If you send out a two-page black and white newsletter every month you will do infinitely more referral business than someone who sends out an eight-page color newsletter quarterly or a few times a year. Consistency also refers to design and type of content. You want to come up with your design and stay with it. Not every customer is going to read your newsletter front to back; realistically most will only read one or two articles, or skim it and put it down. Not that that should dissuade you from producing a monthly newsletter; it’s actually a very good thing. You’re creating top-of-mind awareness, keeping your name in front of your customers and producing a steady source for referrals.
Just about the time you become bored with your marketing message is just about the time your average client is fully understanding it and comprehending it. So don’t be bored with what you look at all the time. It takes a long time to build brand awareness, so keep it consistent.
KD // You spoke about two types of newsletter content. Please explain.
JP // One of the things you need to remember is that the main purpose of producing a consistent newsletter is to build top-of-mind awareness, give people some fun information and basically just get them to remember your business. The ideal ratio of “irrelevant” to “relevant” info should be 80 to 20 percent. Many businesses owners are thrown by this; they think newsletters should be more sales-focused. But newsletters are not there to do the heavy lifting of sales. You should have the majority of your content be non-sales, fun and informative—you want people to read it. You should have a monthly success story and an article or two about the business you’re in; the rest needs to be light and desirable to read by anyone.
KD // Please talk about the design elements.
JP // You want it to look “professionally homemade” and like it came from you. The design should be light and airy; you don’t want it to look like a science textbook. You want to have at least one picture per page and preferably one picture per article. Typically, I do probably two or three articles per page, maybe one main article and two smaller ones, or three smaller articles.
The Newsletter Guru’s test for readability: If your newsletter comes out of the mailbox and your reader looks at it and can quickly determine that they can read it in 10 minutes or less, chances are very good that they’ll read it. If not, it gets put into the “to be read later” pile, which almost always turns into the round file!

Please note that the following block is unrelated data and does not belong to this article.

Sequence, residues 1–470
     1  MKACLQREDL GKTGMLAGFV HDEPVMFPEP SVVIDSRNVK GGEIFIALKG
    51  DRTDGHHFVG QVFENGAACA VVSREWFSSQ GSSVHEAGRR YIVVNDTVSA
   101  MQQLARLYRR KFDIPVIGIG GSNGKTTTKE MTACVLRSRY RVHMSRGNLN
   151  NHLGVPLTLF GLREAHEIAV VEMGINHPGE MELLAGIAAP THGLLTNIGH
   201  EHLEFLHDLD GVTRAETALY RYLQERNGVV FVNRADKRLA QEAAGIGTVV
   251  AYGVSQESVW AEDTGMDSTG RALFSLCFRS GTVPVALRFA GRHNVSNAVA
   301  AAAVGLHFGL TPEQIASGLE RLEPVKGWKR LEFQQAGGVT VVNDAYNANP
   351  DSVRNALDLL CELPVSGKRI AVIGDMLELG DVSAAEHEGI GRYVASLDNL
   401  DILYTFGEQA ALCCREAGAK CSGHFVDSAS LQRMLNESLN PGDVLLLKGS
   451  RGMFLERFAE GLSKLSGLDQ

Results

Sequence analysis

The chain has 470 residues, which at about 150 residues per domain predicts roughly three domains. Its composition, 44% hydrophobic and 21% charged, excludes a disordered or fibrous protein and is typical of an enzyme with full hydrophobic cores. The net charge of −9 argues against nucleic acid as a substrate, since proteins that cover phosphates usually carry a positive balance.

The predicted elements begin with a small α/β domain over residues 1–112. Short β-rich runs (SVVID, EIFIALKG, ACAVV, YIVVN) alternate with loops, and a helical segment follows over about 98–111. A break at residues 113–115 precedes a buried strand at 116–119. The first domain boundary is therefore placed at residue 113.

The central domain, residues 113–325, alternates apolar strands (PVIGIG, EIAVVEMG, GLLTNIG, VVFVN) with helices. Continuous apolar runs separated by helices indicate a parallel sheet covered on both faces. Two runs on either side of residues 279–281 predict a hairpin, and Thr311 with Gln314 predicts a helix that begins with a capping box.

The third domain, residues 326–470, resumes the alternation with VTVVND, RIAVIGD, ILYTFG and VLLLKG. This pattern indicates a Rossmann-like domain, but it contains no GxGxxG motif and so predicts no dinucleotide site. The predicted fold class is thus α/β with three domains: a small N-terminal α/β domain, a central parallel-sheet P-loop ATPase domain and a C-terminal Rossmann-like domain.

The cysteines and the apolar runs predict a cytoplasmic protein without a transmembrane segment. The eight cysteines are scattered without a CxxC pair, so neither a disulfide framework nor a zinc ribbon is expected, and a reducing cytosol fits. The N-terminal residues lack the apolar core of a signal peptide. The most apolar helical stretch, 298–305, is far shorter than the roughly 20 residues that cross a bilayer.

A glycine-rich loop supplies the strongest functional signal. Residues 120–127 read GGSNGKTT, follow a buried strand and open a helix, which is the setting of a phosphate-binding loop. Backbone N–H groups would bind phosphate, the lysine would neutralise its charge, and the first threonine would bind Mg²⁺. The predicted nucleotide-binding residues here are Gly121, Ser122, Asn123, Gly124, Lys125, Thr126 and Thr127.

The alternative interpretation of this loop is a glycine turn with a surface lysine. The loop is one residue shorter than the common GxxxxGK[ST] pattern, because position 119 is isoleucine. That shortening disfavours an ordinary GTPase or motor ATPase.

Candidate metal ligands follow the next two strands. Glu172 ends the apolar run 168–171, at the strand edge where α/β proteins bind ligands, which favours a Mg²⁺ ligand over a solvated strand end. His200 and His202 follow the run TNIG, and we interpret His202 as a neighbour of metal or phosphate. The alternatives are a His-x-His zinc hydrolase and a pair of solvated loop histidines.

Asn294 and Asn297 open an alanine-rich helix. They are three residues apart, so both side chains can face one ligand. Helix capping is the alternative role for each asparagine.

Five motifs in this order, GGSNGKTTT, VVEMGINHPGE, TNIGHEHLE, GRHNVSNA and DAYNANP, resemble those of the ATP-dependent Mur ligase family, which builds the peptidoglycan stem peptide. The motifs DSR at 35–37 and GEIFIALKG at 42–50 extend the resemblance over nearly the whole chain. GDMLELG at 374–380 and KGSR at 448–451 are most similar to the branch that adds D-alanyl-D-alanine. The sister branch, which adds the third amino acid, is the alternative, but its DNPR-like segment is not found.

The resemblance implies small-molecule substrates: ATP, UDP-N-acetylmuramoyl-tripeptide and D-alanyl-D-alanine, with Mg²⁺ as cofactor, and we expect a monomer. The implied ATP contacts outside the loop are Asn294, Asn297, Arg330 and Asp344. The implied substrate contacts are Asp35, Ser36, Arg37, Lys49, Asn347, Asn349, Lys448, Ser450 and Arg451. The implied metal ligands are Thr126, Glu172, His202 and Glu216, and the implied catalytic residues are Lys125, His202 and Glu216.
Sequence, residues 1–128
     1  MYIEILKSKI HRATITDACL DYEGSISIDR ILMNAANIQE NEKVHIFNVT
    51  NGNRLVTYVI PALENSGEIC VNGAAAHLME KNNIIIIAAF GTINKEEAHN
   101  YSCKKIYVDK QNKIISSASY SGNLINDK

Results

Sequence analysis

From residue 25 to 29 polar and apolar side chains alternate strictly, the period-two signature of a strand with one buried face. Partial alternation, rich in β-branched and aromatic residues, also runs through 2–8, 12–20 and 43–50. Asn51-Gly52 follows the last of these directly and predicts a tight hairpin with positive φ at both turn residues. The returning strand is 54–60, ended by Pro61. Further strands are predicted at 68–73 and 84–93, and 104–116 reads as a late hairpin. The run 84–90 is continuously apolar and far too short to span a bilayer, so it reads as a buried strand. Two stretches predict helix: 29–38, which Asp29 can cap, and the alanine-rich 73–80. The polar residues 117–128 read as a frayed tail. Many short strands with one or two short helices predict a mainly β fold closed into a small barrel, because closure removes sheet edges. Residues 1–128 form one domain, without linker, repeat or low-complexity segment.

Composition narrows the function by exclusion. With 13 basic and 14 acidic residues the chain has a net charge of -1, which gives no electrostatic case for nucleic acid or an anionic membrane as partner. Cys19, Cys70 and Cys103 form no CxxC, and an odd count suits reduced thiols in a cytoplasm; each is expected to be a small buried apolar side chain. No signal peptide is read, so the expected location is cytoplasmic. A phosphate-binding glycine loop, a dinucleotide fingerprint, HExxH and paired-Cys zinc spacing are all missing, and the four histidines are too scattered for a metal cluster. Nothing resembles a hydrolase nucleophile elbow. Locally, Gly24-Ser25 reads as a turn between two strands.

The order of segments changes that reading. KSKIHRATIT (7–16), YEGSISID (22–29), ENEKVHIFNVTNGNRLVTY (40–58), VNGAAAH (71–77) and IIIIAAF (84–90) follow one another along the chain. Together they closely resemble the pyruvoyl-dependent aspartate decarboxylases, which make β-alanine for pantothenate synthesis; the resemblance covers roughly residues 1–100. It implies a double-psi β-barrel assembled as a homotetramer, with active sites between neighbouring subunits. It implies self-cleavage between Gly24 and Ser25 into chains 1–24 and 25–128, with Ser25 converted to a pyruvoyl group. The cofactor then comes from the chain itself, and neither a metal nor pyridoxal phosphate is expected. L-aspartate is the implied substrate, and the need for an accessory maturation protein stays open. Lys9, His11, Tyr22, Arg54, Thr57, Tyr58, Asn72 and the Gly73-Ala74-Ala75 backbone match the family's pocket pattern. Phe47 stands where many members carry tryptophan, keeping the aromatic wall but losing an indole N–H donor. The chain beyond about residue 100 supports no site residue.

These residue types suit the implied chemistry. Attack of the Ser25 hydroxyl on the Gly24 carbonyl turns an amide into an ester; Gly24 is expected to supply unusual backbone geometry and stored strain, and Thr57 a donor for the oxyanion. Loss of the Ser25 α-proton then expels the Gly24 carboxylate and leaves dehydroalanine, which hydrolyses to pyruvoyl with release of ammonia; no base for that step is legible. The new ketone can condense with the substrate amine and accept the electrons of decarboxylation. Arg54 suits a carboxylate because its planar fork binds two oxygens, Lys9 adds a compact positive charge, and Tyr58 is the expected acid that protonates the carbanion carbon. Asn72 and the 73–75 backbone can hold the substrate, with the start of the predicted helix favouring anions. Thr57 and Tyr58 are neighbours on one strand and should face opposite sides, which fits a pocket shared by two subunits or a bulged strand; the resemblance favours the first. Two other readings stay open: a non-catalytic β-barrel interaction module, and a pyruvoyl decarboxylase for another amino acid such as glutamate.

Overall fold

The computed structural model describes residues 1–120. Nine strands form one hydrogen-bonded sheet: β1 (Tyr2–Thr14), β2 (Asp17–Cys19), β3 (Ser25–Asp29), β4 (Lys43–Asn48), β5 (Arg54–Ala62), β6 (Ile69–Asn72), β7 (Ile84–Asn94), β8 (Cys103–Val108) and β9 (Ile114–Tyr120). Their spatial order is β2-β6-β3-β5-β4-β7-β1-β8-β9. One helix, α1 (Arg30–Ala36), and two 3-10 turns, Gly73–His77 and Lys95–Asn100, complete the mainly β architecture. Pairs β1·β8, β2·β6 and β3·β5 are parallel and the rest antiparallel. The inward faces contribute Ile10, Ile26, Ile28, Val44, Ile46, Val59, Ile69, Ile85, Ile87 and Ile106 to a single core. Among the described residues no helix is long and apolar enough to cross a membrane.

KD // What are the major obstacles people face when deciding to produce a newsletter?
JP // Past clients have stated, “We never know what to put in our newsletters and it takes so long to write copy, find articles and find someone to get it designed. We tried before and started and stopped so many times.” One strategy is to realize that you don’t have to write an entire book each month, but you do want to focus on both types of content: the work stuff and the fun stuff.
You can also find a service to provide you with content, like mine, but be careful not to
KD // Why is the newsletter so important for referrals?
JP // It’s about the demographic your readers are dealing with. They are much more community-based, have longer friendships and are much more likely to talk about things like their reverse mortgage. They’ll probably have a stack of your newsletters sitting on a bookshelf somewhere to give away to a friend and make a referral.
My interview with Jim made me realize that the No. 1 priority is to be consistent, every month, without fail. Secondly, I learned that it’s important to make it fun, informative and easy to read.
Newsletters can be the least expensive yet most effective referral strategy out there. For a small investment of a couple hundred dollars a month, you can quickly begin a recurring stream of referrals, and if you grow your list, you’ll increase your referrals even more.
The main problem, as Jim stated, is that people don’t have the time or resources to put this together every month. That’s why the use of a service, for a very nominal fee, is your best solution. You’ll know that it will be done every month, on time, and you’ll appear consistent, which is so important when it comes to newsletter marketing.
Good luck and good marketing!